B. Arguments Of The Parties

         1.      The defendant’s arguments

         The defendant contends that during November 29, 2005 and January 9, 2006, it engaged in “good faith efforts” to communicate with various jurors via telephone interviews pursuant to the court’s order permitting such contact. Defendant’s Supplemental Motion For An Evidentiary Hearing To Determine Juror Misconduct And For New Trial (Doc. No. 82), at 2. During one of these interviews, the defendant contends it was apprised of certain juror misconduct that allegedly occurred during jury deliberations. Id. at 2-3. Specifically, the defendant avers Juror Jamey French stated she felt there was unfair pressure during the jury deliberations because two of the female jurors revealed during deliberations they had been sexually abused. Id. at 3. The defendant further contends Juror French stated that “ninety-nine percent of why the verdict was so high” was because of the past sexual abuse of these two female jurors. Id. In support of its contentions, the defendant submitted the affidavit of Attorney Anita L. Dhar, which documents the telephonic interview that occurred with juror Jamey French. Dhar Aff. (Doc. No. 82, Attachment 1), at 1-2. Armed with this information, the defendant contends that the two female jurors deliberately concealed their sexual abuse during voir dire and that an evidentiary hearing is necessary in order to determine whether it received a fair and impartial jury in the trial of this matter.  

         2.      The plaintiffs’ arguments in resistance

         In their combined resistance, the plaintiffs contend the court should deny the defendant’s Supplemental Motion For An Evidentiary Hearing. First, the plaintiffs argue that Federal Rule of Evidence 606(b) prohibits the defendant’s attempted inquiry into the validity of the verdict. The plaintiffs assert the evidence the defendant seeks to introduce consists of testimony regarding the subjective prejudices or improper motives of other jurors. Under Rule 606(b), the plaintiffs argue this type of evidence in inadmissable. Further, even if the testimony is admissible evidence under Rule 606(b), the plaintiffs contend the defendant failed to preserve its objection to the empaneled jury because it failed to make a proper inquiry during voir dire. The plaintiffs point out that neither the court, nor counsel, asked the jurors directly if they had ever been sexually abused. The only question that remotely touched upon the subject was a question inquired of by the court as to whether any of the jurors or their family members or close friends had ever been the victims of sexual harassment or any other type of discrimination. The plaintiffs argue that is not the same question as whether anyone had ever been sexually abused, and therefore, that the defendant’s contention that the two female jurors deliberately concealed information is without merit. Finally, the plaintiffs argue that even if the court were to hold a hearing, the testimony of Juror French would not support the defendant’s allegations. In support of this contention, the plaintiffs supplanted their resistance with an affidavit of Juror French essentially contradicting Anita Dhar’s affidavit recounting her conversation with Juror French. Accordingly, the plaintiffs request this court deny the defendant’s request for an evidentiary hearing.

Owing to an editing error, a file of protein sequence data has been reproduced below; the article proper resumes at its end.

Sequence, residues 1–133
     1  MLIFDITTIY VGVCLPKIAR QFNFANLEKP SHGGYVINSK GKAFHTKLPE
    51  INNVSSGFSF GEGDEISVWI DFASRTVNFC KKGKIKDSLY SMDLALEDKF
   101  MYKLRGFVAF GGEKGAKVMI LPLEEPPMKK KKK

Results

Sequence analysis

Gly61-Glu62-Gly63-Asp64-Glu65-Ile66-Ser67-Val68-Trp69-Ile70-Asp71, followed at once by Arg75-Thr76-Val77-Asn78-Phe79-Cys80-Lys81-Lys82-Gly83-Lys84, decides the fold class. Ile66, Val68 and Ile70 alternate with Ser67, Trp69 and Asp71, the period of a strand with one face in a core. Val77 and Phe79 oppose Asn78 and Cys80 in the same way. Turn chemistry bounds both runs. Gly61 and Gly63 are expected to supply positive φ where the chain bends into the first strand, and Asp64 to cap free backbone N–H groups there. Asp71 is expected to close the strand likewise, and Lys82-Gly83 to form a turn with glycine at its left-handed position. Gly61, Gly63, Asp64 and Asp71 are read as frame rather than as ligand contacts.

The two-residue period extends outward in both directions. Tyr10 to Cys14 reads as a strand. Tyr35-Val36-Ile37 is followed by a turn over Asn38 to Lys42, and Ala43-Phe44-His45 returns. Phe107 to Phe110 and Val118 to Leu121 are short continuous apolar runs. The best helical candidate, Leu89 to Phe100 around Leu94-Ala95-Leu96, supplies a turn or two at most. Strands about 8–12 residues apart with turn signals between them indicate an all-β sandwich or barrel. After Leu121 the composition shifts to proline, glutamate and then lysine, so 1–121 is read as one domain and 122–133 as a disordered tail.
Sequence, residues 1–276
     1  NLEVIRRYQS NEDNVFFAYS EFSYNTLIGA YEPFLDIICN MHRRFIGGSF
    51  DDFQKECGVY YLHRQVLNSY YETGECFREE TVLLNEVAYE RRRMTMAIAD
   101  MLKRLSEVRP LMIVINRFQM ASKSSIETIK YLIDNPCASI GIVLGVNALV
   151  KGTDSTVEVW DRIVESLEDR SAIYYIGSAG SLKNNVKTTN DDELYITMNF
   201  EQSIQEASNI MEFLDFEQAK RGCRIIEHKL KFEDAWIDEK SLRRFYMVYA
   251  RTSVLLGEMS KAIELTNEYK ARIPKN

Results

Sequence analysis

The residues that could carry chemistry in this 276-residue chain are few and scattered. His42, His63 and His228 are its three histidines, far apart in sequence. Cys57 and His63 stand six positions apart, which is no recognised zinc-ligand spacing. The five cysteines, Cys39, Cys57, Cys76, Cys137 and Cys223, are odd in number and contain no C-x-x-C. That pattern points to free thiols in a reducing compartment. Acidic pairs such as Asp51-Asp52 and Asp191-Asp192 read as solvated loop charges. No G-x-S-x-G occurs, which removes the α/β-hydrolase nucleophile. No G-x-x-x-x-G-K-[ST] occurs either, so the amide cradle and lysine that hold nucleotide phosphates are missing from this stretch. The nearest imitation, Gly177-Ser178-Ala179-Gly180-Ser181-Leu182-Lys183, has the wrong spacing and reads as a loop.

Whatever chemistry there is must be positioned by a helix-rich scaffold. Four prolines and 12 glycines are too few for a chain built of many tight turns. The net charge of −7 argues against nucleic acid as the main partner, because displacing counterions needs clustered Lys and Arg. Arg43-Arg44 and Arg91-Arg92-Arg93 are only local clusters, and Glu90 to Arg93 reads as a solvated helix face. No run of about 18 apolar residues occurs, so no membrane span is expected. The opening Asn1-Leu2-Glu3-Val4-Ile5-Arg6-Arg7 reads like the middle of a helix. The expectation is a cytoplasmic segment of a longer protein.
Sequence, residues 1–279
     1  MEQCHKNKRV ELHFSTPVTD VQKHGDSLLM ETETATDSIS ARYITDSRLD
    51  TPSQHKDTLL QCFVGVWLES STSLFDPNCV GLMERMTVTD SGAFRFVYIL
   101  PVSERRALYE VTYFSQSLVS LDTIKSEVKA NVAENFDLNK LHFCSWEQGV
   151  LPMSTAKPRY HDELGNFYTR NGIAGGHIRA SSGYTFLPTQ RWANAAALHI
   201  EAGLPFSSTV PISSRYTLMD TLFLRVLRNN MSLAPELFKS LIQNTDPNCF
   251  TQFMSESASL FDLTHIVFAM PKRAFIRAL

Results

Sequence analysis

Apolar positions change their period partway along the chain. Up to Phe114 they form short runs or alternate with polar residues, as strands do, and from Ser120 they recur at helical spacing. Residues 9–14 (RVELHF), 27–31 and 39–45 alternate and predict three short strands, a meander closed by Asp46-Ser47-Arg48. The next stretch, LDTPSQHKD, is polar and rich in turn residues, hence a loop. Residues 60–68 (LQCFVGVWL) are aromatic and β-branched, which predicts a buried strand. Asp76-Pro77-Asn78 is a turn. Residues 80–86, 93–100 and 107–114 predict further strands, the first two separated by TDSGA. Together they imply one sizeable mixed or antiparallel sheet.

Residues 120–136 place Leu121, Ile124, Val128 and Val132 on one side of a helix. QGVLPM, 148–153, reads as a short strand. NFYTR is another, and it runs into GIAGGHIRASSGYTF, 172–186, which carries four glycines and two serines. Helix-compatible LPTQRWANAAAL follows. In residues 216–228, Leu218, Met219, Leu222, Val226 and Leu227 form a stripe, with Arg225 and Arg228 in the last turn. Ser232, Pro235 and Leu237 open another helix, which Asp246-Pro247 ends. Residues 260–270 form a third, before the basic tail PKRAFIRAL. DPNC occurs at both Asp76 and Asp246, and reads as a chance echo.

3.      The defendant’s reply

         In reply, the defendant argues that Federal Rule of Evidence 606(b) does not apply to the situation presented. The defendant points out that Rule 606(b) contains an exception, which essentially allows a juror to testify on the question of whether extraneous prejudicial information was improperly brought to the jury’s attention. The defendant contends it is “hard pressed” to think how else the prior sexual abuse of a juror or jurors would be classified. Defendant’s Reply To Plaintiff’s Resistance To Motion For Evidentiary Hearing To Determine Juror Misconduct And For New Trial (Doc. No. 89), at 2. In addition, the defendant asserts that the questions asked by this court during voir dire made it clear that information regarding prior sexual abuse should have been disclosed. Specifically, the defendant points out that following the court’s question with respect to whether any juror or a family member or close friend had been the victim of sexual harassment or any other type of discrimination, one juror revealed she had a daughter who alleged she had been sexually harassed by the mother’s boyfriend outside of the workplace. Thus, the defendant argues it was clear that the scope of the court’s question was not limited to the employment context. In addition, the defendant points out that the court also asked generalized questions with respect to the jurors’ abilities to be fair and impartial and that none of the jurors indicated they could not be fair and impartial. Accordingly, the defendant contends error was properly preserved because the two female jurors deliberately concealed the information requested of them. Finally, the defendant contends it was inappropriate for the plaintiffs to supply the affidavit of Juror French because the issues cannot be resolved through affidavits. Rather, if the burden has been met, the correct procedural step is an evidentiary hearing in order to resolve the factual disputes between the parties. Accordingly, the defendant urges the court to grant its request for an evidentiary hearing.